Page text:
Nigeria’s total renewable energy capacity hits 2153MW in 2020 – IRENA
Nigeria’s renewable energy capacity rose slightly higher to 2153 MW in 2020 from 2152 MW in 2019 with solar energy rising the most and contributing 28MW to the overall capacity, according to a new report mapping solar energy capacity by the International Renewable Energy Agency (IRENA).
The analysis showed that wind energy accounted for the least capacity contributing only 3MW though southern Nigerian states have their mean wind profile at 10 m height in the range between 3.0 − 3.5 m/s, and some Northern states with mean wind speeds of between 4.0 − 7.5 m/s indicating that the country has good wind resources over most part of the country.
The bulk of Nigeria’s renewable energy capacity came from hydropower which accounted for 2,111 MW. Yet, Nigeria has large rivers and natural falls with rich hydropower potential prominent of which are the Niger and Benue rivers as well as Lake Chad basin. With an estimated 1,800 m3 per capita per year of renewable water resources, there are vast potential remaining untapped. The total exploitable potential of hydropower is estimated at over 14,120 MW.
According to the IRENA data, Africa accounts for 53 685MW renewable energy capacity with some of the leading countries as South Africa (9 639MW), Egypt (5,980MW), and Ethiopia (4,713MW).
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China accounted for the most renewable energy capacity in the world accounting for more than 35 percent of global capacity at 254,355MW. the country shows no sign of slowing down. It is planning the world’s largest wind and solar project, which could add 400,000MW to its clean energy capacity.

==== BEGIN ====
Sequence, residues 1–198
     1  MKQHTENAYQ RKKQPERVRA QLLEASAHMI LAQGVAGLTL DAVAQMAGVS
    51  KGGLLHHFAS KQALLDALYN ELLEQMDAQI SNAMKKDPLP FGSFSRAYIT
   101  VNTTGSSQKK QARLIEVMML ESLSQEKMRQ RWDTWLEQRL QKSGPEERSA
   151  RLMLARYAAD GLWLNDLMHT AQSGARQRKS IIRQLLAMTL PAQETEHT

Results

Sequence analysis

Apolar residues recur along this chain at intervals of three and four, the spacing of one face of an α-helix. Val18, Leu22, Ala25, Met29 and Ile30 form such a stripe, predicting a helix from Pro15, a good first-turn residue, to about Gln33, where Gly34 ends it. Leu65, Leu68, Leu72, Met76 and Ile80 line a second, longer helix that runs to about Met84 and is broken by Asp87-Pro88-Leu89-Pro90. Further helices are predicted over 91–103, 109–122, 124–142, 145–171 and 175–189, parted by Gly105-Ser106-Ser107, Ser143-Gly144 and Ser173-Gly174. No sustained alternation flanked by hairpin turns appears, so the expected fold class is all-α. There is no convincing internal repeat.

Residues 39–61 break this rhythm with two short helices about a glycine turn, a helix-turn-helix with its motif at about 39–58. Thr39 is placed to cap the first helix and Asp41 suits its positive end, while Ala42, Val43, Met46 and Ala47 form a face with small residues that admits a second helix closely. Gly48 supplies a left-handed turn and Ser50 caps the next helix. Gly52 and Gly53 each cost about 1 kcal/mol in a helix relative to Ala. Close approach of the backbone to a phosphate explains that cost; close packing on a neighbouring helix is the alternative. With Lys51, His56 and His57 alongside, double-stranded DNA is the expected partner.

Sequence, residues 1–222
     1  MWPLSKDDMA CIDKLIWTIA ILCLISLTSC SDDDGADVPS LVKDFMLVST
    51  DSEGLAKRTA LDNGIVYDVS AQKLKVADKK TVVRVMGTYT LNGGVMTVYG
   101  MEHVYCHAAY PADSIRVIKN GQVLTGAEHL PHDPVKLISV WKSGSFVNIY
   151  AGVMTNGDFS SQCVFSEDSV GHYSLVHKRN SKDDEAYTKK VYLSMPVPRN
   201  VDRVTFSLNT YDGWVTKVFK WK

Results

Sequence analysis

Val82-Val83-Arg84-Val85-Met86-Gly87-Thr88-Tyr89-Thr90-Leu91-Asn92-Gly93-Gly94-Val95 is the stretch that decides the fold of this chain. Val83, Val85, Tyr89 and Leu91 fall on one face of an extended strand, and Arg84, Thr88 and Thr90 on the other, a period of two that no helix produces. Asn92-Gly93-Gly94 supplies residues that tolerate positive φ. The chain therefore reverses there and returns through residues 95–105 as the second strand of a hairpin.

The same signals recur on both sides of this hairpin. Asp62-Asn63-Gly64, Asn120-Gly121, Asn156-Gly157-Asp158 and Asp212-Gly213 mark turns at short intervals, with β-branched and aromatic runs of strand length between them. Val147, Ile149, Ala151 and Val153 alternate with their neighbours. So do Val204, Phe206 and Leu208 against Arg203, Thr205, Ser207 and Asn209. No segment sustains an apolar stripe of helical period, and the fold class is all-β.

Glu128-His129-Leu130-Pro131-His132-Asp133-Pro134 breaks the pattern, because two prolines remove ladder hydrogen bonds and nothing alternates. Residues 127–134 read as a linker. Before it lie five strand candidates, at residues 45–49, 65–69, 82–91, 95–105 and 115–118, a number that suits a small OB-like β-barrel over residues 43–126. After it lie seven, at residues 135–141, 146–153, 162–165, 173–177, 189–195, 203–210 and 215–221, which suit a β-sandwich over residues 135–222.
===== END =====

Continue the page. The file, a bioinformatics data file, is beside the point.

The United States also trails the country at the back, by recently surpassing 100,000MW of solar power capacity after installing another 50,000MW in the first three months of 2021. Over the last decade, annual solar growth in the United States has averaged 42 percent. Policies such as the solar investment tax credit, which provides a 26 percent tax credit on residential and commercial solar systems, have aided the industry’s growth.
Despite a 4.5 percent drop in global energy demand in 2020, renewable energy technologies made encouraging progress said the report.
The report found that while renewables growth was strong across the board, solar power led the way with 127 gig watts installed in 2020, its largest-ever annual capacity expansion.
The world is adopting renewable energy at an unprecedented rate, with solar power leading the way and the shift towards energy transition is a significant factor in the rise of renewables. However, solar energy’s growth is also due to how inexpensive it has become over time, and it is now said to be the cheapest source of new energy generation in many parts of the world.
Since 2010, the cost of solar power has dropped by 85 percent, from $0.28 to $0.04 per kWh. According to MIT researchers, economies of scale have been the single most important factor in sustaining cost reductions over the last decade. In other words, as more solar panels were installed and manufactured, production became less expensive and more efficient.